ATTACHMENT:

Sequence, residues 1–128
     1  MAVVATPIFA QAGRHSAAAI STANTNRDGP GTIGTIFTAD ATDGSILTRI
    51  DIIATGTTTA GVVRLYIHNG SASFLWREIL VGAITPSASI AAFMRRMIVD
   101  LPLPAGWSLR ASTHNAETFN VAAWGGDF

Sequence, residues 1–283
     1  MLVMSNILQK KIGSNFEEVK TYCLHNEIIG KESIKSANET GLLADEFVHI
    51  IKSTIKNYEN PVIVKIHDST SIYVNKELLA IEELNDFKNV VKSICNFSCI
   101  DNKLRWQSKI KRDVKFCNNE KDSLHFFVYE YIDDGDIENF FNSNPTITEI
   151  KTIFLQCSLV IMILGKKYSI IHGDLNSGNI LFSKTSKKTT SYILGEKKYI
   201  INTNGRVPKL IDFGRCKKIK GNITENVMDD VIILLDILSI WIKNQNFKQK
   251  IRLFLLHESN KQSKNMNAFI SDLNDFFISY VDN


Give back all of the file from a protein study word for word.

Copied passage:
Sequence, residues 1–128
     1  MAVVATPIFA QAGRHSAAAI STANTNRDGP GTIGTIFTAD ATDGSILTRI
    51  DIIATGTTTA GVVRLYIHNG SASFLWREIL VGAITPSASI AAFMRRMIVD
   101  LPLPAGWSLR ASTHNAETFN VAAWGGDF

Sequence, residues 1–283
     1  MLVMSNILQK KIGSNFEEVK TYCLHNEIIG KESIKSANET GLLADEFVHI
    51  IKSTIKNYEN PVIVKIHDST SIYVNKELLA IEELNDFKNV VKSICNFSCI
   101  DNKLRWQSKI KRDVKFCNNE KDSLHFFVYE YIDDGDIENF FNSNPTITEI
   151  KTIFLQCSLV IMILGKKYSI IHGDLNSGNI LFSKTSKKTT SYILGEKKYI
   201  INTNGRVPKL IDFGRCKKIK GNITENVMDD VIILLDILSI WIKNQNFKQK
   251  IRLFLLHESN KQSKNMNAFI SDLNDFFISY VDN